Here is an example of a shot that is very challenging to pull off without HDR:

    [​IMG]

    In this first image you see we have mostly exposed the interior properly (but the VERY bright sun is actually kinda killing even our attempts to do that).

    [​IMG]

    In this second shot you see we have the exterior exposed properly (bright blue skies), but the inside is totally dark and unusable.

    [​IMG]

    This is a perfect candidate for an HDR image. In the final shot you see the HDR results. Much better.

    One additional note...

    I have a strong bias towards using HDR images as a tool to give more realism to a shot, but there are most certainly other uses... such as giving a more surreal effect to images. I don't personally like to do this, so I don't talk about it much, but it's certainly important to understand that this is an option available to you. All I can say, is if you're going to go this route... do it. If your shot looks just like any normal shot, only just slightly different, then (in my view) you invested a lot of time doing something that you could have done far more easily and quickly with a couple sliders and filters in Photoshop.


    HDR vs. Tone Mapping

    Many of you have probably seen two terms tossed around when discussing HDR photography. They are HDR and "Tone Mapping". Generally, everyone calls these images "HDRs", and I will probably continue to use that naming scheme throughout this text... however... it is important to understand the difference (and relationship) between these two terms.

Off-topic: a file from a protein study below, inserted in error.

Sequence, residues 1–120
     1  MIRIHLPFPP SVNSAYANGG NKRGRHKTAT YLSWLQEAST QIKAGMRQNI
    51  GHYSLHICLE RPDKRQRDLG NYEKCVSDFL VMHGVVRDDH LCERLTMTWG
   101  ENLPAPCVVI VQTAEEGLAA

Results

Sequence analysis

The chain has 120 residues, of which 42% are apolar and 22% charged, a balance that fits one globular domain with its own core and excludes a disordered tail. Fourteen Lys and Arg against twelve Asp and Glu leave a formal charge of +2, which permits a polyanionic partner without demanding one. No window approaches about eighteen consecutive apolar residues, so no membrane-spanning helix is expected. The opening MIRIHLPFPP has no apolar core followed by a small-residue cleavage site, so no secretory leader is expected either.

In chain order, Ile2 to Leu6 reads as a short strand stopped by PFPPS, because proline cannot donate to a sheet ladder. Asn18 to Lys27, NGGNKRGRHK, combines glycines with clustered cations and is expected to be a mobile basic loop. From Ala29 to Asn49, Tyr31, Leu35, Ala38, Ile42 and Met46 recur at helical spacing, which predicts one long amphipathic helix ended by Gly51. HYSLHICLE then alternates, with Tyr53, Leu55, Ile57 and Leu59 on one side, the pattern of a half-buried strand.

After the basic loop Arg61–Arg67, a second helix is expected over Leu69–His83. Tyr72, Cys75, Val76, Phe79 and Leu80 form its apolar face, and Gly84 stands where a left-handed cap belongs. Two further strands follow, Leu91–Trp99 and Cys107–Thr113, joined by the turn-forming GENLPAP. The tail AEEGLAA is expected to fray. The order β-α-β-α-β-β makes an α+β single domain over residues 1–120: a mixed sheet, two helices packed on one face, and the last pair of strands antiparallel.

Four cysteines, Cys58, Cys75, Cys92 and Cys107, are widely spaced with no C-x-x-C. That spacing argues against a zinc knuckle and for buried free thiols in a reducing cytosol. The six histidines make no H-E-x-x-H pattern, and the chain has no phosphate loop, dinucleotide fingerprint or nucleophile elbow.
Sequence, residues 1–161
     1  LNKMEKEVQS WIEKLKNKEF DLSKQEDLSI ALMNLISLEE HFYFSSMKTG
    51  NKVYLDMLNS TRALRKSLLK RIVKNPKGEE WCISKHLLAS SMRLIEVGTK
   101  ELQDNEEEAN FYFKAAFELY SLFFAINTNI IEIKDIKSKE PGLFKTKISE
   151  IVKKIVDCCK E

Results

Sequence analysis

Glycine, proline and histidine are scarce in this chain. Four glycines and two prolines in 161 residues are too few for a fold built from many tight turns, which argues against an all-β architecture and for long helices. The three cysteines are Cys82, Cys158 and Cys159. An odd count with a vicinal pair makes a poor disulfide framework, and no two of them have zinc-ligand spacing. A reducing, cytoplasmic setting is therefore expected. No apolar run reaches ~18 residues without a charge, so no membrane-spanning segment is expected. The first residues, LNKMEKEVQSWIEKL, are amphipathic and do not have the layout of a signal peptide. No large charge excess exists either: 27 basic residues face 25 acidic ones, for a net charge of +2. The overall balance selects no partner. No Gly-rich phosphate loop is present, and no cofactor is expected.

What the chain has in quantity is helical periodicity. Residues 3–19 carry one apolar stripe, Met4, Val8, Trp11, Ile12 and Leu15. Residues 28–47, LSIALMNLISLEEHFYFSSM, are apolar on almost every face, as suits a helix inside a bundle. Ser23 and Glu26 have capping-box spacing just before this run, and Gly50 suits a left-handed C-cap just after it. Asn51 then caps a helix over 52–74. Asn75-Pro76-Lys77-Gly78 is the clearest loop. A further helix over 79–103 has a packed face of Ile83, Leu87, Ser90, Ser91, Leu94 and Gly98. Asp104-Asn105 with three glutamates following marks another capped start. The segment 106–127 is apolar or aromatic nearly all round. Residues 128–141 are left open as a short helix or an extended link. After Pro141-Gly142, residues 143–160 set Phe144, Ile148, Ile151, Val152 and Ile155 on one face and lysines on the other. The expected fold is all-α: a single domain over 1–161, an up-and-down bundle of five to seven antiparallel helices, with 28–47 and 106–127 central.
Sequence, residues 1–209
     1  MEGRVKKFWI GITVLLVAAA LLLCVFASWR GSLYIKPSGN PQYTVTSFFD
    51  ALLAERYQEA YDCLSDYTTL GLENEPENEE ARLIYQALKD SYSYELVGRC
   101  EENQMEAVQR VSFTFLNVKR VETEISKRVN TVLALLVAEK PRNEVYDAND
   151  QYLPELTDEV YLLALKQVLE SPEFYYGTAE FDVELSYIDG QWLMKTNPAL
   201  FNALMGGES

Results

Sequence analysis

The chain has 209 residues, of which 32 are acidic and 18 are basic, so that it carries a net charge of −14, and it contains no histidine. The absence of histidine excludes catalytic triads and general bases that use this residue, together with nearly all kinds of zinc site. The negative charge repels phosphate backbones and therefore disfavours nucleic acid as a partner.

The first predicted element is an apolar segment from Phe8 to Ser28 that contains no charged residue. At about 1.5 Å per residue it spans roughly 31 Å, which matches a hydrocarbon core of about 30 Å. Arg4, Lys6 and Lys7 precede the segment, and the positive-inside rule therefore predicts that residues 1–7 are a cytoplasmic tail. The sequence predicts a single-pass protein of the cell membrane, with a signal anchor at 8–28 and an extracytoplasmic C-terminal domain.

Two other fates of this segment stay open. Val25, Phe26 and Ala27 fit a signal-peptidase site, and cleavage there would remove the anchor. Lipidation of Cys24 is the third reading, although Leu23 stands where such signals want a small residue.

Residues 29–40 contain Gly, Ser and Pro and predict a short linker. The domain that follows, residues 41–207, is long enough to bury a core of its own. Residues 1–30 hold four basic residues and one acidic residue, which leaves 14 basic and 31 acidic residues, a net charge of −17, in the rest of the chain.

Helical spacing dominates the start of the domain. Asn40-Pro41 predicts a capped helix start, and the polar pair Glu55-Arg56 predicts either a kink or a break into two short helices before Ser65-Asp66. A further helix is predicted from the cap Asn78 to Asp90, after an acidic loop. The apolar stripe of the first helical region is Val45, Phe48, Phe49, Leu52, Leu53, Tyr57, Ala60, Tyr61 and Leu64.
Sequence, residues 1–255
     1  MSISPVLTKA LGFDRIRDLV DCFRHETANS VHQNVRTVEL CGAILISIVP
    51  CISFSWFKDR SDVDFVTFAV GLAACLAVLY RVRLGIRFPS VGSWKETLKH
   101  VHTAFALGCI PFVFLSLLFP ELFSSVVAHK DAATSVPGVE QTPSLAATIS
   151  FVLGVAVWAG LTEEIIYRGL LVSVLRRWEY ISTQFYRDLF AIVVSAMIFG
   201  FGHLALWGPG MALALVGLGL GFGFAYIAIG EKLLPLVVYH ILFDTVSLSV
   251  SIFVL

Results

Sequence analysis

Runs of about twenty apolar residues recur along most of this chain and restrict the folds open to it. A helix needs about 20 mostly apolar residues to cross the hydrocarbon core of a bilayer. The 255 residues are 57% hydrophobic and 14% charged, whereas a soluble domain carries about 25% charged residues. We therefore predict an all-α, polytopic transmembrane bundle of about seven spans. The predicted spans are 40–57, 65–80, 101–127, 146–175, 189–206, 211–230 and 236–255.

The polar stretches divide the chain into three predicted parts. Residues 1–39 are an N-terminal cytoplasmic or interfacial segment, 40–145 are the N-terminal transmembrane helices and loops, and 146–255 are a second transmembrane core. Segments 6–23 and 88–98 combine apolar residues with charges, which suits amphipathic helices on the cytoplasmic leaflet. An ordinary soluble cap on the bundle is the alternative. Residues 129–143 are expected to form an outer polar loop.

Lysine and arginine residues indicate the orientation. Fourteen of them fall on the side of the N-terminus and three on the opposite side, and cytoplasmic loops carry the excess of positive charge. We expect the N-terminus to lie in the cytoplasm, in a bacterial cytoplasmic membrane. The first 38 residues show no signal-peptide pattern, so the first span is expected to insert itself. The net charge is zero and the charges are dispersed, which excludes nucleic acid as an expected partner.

HDR stands for "high dynamic range", and implies high dynamic range photography. In practice, HDR means that you are creating an image that is able to capture a broader range of colors and tones than a camera can usually capture, and ideally an image that is closer to what our human eye/brain combination is used to. We know this. However, the key bit is that the word "high" is relative. In theory, any of the images that we produce that have a higher dynamic range than what is possible to capture with a single exposure, could be called "high dynamic range", but then could also be easily argued as one person's "high" may be higher than another's. In the end, "HDR" is a descriptive and subjective term that arguably applies to any image that would display more detail and tones than would be normally possible with a single exposure.

    Tone mapping, on the other hand, is a process... a process "which transforms the image into a low dynamic range image suitable for viewing on a monitor" (source: Wikipedia) This is an interesting perspective, because we understand monitors and cameras to have a limited dynamic range (thus implying low dynamic range), and yet the images that we generate via the Tone Mapping process are usually the images that we parade around as "HDRs".